Author: Darshana Mini. Journal: Bioscope: South Asian Screen Studies 7(2). December. 2016, 127-150.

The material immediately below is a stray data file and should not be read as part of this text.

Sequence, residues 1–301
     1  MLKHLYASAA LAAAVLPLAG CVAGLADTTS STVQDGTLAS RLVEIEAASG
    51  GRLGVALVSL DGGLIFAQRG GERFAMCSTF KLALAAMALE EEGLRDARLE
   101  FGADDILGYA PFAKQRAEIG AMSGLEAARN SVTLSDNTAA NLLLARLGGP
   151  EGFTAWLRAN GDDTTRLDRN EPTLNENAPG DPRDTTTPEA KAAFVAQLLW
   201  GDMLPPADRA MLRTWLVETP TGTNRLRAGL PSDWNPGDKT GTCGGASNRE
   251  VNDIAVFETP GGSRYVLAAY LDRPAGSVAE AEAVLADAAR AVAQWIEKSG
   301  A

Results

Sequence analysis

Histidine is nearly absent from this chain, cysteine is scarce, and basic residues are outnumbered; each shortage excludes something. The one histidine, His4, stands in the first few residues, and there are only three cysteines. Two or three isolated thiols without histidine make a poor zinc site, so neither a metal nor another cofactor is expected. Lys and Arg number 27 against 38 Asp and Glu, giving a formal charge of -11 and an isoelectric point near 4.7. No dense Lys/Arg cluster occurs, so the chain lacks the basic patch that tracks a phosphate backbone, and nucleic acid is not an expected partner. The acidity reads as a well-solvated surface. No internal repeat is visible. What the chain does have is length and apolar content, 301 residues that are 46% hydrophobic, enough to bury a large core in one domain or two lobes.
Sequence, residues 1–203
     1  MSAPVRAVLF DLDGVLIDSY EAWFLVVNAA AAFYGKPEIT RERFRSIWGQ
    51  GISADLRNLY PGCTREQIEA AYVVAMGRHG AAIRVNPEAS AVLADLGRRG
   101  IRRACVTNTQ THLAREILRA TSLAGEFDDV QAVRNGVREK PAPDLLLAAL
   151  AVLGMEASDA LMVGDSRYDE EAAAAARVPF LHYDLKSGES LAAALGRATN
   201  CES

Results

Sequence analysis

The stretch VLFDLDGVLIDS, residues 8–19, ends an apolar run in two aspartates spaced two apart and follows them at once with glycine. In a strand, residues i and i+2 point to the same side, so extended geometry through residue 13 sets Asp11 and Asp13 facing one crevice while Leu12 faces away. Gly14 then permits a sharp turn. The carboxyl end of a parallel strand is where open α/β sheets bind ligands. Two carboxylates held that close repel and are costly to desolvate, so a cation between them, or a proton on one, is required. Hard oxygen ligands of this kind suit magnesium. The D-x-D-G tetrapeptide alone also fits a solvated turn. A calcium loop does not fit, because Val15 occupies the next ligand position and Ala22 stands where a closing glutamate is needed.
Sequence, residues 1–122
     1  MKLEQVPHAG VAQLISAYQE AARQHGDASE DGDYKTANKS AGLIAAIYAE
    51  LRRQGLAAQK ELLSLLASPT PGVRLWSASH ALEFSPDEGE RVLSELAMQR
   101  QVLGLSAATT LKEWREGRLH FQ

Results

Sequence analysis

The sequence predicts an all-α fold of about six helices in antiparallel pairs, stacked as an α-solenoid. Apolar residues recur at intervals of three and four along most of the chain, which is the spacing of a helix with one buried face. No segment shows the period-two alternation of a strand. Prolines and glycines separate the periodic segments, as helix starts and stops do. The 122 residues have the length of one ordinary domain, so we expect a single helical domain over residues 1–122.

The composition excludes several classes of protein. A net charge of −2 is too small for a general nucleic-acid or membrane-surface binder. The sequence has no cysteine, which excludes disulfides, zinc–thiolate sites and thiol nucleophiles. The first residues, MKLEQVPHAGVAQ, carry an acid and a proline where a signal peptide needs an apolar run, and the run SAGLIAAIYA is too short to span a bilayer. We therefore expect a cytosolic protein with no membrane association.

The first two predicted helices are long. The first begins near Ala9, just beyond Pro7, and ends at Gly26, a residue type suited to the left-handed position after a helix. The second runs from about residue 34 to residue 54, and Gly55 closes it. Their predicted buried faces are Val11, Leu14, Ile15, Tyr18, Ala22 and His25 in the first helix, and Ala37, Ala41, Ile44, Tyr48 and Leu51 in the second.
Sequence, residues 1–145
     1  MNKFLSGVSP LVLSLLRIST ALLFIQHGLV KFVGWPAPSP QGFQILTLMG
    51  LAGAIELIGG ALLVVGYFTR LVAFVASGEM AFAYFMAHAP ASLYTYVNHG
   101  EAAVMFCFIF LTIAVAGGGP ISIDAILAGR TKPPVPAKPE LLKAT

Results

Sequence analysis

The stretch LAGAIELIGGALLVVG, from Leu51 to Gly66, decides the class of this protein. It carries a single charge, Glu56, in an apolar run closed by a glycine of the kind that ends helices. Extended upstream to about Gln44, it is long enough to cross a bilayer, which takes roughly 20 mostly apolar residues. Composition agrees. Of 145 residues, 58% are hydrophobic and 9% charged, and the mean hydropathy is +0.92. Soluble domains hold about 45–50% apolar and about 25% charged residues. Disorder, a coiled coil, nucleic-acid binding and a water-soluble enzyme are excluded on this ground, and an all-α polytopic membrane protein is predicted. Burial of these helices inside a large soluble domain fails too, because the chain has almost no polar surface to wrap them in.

by Colette Balmain, Kingston University, UK. In Screening Sex, Linda Williams insists on the double meaning of the verb to screen ‘as both concealment and revelation.’  While sex in US cinema is marked by a movement away from concealment toward revelation, in Japanese cinema screening sex is marked by an oscillation between concealment and revelation with the sight of the sex act classified as obscene and needing to be obscured from the gaze. Nowhere is this clearer than in eroductions (erotic productions) of the 1970s and 1980s and, in particular, within Nikkatsu’s Roman Porno. In this post, I consider the emergence of Roman Porno in 1971 and Nikkatsu’s recent rebooting of the genre in 2015 in order to chart the way in which the reboots demonstrate a shift in attitude towards screening sex, albeit maintaining that the conventions of female desire are filtered through the male directorial gaze.